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OLS Field Name OLS Field Data
Main Title A Sea Change: The Exclusive Economic Zone and Governance Institutions for Living Marine Resources [electronic resource] /
Author Ebbin, Syma A.
Other Authors
Author Title of a Work
Håkon Hoel, Alf.
Sydnes, Are K.
Publisher Springer Netherlands,
Year Published 2005
Call Number HC79.E5
ISBN 9781402031335
Subjects Life sciences. ; Aquatic biology. ; Environmental management. ; Environmental economics. ; Social sciences. ; Political science.
Internet Access
Description Access URL
Collation XIV, 224 p. online resource.
Due to license restrictions, this resource is available to EPA employees and authorized contractors only
Contents Notes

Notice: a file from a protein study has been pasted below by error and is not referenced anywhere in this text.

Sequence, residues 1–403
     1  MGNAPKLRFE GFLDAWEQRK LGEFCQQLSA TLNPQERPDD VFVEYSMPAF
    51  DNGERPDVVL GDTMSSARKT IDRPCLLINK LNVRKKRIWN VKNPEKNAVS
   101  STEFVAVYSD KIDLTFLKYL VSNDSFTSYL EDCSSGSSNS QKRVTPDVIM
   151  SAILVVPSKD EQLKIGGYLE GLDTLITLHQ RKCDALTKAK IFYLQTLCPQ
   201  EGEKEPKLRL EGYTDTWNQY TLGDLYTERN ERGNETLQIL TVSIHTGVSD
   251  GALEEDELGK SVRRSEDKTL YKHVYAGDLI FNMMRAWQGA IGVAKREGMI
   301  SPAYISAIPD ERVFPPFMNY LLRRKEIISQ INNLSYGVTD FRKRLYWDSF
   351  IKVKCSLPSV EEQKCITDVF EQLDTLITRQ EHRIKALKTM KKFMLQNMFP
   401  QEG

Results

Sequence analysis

Overview -- Ocean Governance and Institutional Change -- A Brief Introduction to the Principal Provisions of the International Legal Regime Governing Fisheries in the EEZ -- National Strategies for EEZ Implementation -- The Performance of Exclusive Economic Zones -- Fisheries Management in the Russian Federation -- Integrated Oceans Management and the Institutional Performance of Exclusive Economic Zones -- The Impact of the EEZ on Pacific Salmon Management -- Regulating Access and the Use of Marine Genetic Resources within the Exclusive Economic Zone -- Regional Strategies for Coordinating the EEZ Regime -- Regional Fisheries Organisations and International Fisheries Governance -- Exclusive Economic Zones and the Management of Fisheries in the South China Sea -- Staking Their Claims: The Management of Marine Resources in the Exclusive Economic Zones of the Pacific Islands -- A Changing Sea: New and Emerging Institutional Directions for the EEZ -- FAO'S Fisheries Programme and the Plan of Implementation of the World Summit on Sustainable Development -- Governing the Bering Sea Region -- Changing Seas, Changing Institutions: Charting New Courses into the Future. A Sea Change in a Changing Sea The oceans, seas and coastal areas encompass over 70% of the earth's surface. They are a critical driver of the earth's hydrologic cycle and climate system, important for c- merce, transport, and tourism, a source of economically important living marine resources, minerals such as hydrocarbons, as well as new pharmaceutical compounds. The marine environment provides essential habitats for thousands of marine living 1 2 resources, which in turn contribute significantly to global food security, employment, 3 and trade. Overall, the sea's contribution to human welfare, in terms of market and non-market resources and environmental services, has been estimated at US$21 trillion/year (Costanza, 2000). However, despite the importance of the ocean realm to humans, there is a growing sense that human impacts are destabilizing this system. Some experts believe that current fishing levels are approaching or exceeding the total 4 productivity of the ocean ecosystem (National Research Council, 1999).